Naturally the whole BFA/Bankia edifice is the first good example I will point to of the use of chewing gum and chicken wire in Spain, since it is hard to imagine a more complicated way of doing something that is almost guaranteed not to work. Basically BFA, the parent bank, was created as a bad bank, where the toxic property assets (largely land) of the seven participating savings banks were to be warehoused, supported by a mixture of preference shares, subordinated debt and own resources in terms of company shares, equity etc, plus a 4.5 billion euro “hybrid capital” loan from the government restructuring fund (FROB), which was to be paid 8% a year. Naturally the value of the toxic assets was bound to drop as time past, and I suppose the hope must have been to tranfer earnings from new (“better” – not “good”) bank Bankia to both offset losses and service the FROB loan. But things weren’t to work out that way (as could have been anticipated), since Bankia itself was created with its own property exposure (especially in the form of developer loans, many of which were on the point of “souring”) as there simply were not enough resources available  to wharehouse everything. And when the new government introduced a law requiring more provisioning, well it was all over, bar the large injection of public money now needed to clean up the mess. Others were given the opportunity to kick the can a little further down the road by entering a merger, and thus offseting the write-downs against capital rather than having to charge them directly to profit and loss. But Bankia was already too big, and too about to fall over, to be able to find a “dancing partner”.

Beyond the fact that what was created was a flawed structure from the start, especially given the lacklustre economic environment facing Spain over the coming years, and the ongoing downward adjustment in property values, the whole Bankia affair raises important issues. Just what did regulators at the Bank of Spain think they were doing when they gave approval not only to the bank’s business plan, but to the stock market flotation? Didn’t they realise there was a high probability of failure, and that hundreds of thousands of small savers – many of them clients of the bank itself, who were sold the idea of buying shares in their local bank on the basis of the promise that it was going to be a “great opportunity”, especially when normal deposits were paying so little – would almost certainly lose a lot of their money. Weren’t the Bank of Spain aware of just how vulnerable those “good” developer loans really were?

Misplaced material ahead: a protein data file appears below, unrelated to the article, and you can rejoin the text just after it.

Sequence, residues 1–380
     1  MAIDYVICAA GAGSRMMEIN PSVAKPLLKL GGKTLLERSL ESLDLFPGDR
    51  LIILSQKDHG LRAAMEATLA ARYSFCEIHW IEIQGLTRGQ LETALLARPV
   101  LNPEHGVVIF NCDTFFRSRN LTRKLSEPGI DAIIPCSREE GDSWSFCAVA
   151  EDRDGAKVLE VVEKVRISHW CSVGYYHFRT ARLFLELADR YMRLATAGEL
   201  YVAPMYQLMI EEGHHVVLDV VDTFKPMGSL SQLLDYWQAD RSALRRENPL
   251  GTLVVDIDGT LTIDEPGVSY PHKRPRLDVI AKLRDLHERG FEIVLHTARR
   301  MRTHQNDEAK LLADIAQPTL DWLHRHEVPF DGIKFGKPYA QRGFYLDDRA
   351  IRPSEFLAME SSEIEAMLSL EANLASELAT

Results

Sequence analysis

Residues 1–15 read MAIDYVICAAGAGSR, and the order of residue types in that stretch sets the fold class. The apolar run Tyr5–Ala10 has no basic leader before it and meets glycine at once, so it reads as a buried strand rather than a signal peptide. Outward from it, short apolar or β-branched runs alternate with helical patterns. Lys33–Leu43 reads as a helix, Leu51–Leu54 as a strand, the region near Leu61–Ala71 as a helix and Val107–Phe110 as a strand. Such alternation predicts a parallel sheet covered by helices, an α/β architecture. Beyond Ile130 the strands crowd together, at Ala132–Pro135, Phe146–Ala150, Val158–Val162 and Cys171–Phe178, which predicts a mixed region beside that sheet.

But the root of the problem here is not one irresponsible decision, it is a whole comedy of errors, going back to the early days of the financial crisis in 2007, and the constant declarations that due to their substantial provisioning programme, Spain’s banks were among the most sound and solid on the globe. These provisions were indeed important, but their existence and the constant comparison with the property slump of 1992 to 1995 lead regulators at the central bank and policymakers in the Economy Ministry to have a false sense of security. They were simply determined to put that brave face on, keep trying to maintain confidence, and simply ride the thing out. How many times over these years have I heard bankers lament that one day all the property assets will offer a valuable legacy for their children if they can only find a way to get through the present storm intact. Unfortunately, looking at the youth unemployment numbers, many of their children will be long gone to work in another country by the time property prices start to recover, if – looking over at Japan – they ever do.

EU Rescue Needed

In one sense Spain is too big to rescue, but in another it is also too big just to let it go to the dogs. In fact, when I say it is too big to rescue, I mean it is too big to rescue using the now classic model put into practice in Greece, Ireland and Portugal. Spain and Italy are simply too large (both in terms of GDP and in terms of population) to put under the tuteledge of the Troika in this way. The political risks of facing a runaway train are just too great. In addition taking Spain completely out of the sovereign bond market, in the way Greece, Ireland and Portugal have been, would be very expensive, and is probably not necessary.